Thanks to the highly advanced technological means of investigation, NASA’s Chandra discovers pulsar within double star system. The first images of the newly discovered neutron star indicate that the celestial body is incredibly fast and violent with the other stars in the system.
The National Aeronautics and Space Administration announced on early Friday morning that the first images of an extremely violent pulsar have been captured for the first time. The neutron star has been estimated at approximately 7,500 light years away from the Earth.
The location of the neutron star has been determined with the help of NASA’s Chandra X-ray Observatory, which has also estimated that the pulsar belongs to the star system called B1259.
Disk fragments coming from the pulsar have been later on observed. Scientists have calculated their traveling speeds and they have reached the conclusion that the pulsar is extremely violent because it sends disk fragments into the space with the speed of 6.4 million kilometers per hour.
Its speed, however, is not constant at all, researchers have further added. On the contrary, the comparison between the images that NASA has captured at different time intervals has revealed that the pulsar was initially traveling with 7% the speed of light, whereas latter pictures showed that the speed increased to 15% the speed of light.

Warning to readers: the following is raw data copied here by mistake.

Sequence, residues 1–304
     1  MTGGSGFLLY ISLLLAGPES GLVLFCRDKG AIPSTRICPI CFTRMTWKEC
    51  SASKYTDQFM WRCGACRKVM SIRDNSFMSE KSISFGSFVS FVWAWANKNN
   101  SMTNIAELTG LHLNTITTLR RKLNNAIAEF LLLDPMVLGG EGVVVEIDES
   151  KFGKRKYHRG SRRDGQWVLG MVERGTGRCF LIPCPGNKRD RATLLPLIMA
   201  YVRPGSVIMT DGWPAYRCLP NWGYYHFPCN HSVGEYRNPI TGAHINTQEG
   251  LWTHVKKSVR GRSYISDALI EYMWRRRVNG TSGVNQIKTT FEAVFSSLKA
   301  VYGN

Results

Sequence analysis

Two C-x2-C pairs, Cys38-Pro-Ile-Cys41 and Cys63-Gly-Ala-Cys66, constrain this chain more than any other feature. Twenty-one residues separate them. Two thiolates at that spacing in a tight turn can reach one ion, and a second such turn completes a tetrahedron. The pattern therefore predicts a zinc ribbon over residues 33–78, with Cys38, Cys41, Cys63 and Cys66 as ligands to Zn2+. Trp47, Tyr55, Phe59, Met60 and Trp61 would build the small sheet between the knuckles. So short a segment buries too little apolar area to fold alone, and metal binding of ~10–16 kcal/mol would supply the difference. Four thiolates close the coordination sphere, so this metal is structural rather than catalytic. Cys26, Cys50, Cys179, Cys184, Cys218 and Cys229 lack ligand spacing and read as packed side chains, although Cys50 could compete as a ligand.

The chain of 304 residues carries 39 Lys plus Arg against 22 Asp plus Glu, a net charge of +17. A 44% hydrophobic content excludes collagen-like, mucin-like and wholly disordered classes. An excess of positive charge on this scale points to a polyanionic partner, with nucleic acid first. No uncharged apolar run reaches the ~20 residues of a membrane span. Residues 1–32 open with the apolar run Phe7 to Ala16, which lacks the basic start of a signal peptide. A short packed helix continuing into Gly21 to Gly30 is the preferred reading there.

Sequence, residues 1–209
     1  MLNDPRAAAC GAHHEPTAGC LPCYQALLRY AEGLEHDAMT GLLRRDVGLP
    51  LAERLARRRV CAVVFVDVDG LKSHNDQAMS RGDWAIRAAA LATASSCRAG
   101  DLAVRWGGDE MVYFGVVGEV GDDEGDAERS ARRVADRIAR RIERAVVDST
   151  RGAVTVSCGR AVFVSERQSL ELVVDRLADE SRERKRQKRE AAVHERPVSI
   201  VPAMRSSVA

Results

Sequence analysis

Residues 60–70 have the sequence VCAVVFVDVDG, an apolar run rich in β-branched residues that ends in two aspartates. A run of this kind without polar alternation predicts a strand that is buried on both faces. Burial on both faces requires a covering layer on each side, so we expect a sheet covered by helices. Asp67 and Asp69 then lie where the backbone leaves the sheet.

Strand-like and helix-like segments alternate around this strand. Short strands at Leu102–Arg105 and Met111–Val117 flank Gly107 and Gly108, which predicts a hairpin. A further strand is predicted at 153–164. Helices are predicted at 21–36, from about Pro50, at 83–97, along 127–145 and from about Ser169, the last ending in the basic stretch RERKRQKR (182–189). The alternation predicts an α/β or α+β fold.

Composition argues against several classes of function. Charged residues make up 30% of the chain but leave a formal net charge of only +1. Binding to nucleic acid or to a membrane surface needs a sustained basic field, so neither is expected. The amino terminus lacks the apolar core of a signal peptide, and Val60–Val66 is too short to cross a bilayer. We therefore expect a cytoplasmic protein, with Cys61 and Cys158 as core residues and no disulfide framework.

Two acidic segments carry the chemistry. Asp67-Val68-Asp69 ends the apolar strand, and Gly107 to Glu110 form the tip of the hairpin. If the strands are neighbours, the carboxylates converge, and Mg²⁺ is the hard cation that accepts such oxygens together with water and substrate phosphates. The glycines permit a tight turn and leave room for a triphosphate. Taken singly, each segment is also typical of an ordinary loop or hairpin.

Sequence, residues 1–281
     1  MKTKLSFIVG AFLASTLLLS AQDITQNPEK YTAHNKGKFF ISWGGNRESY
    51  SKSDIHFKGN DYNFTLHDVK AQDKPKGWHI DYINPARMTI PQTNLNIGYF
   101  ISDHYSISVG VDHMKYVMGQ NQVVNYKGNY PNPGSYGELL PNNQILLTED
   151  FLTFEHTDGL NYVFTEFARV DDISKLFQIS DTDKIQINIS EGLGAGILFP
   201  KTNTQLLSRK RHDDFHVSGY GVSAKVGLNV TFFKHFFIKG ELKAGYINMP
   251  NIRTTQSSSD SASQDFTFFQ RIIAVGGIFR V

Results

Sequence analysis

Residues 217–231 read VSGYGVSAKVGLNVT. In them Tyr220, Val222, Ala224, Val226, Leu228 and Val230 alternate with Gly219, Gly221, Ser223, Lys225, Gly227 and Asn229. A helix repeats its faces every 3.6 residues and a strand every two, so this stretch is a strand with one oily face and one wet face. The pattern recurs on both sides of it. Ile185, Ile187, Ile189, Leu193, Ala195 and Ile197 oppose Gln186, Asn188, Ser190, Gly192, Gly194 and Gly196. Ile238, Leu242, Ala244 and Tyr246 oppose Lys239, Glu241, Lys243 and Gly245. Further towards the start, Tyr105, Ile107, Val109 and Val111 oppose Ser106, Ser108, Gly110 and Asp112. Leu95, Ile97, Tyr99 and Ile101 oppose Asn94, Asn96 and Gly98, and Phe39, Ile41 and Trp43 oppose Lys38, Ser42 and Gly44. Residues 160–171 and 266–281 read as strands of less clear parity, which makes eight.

By looking at the double star system where the pulsar resides, scientists discovered the presence of a Sun-like star that is three times bigger than our very own Sun. In spite of its large dimensions, the solar star of the system B1259 has been seriously troubled by the nearby presence of the pulsar. The latter created a visible hole in its companion’s gas disk as it passed by it, space experts have explained.
Pulsars are neutron stars, which derive from the supernova massive explosions of dying stars. Although neutron stars constitute a distinct category of celestial bodies, they can nevertheless have a very unique and unpredictable behavior in space; hence, scientists’ interest in the study of their evolution.
The future researches that NASA’s experts will carry out will aim to determine the evolution of the neutron star in relation to its double star system and its neighboring stars.
The findings of the current study have been published in the Astrophysical journal.
Image source: www.nasa.gov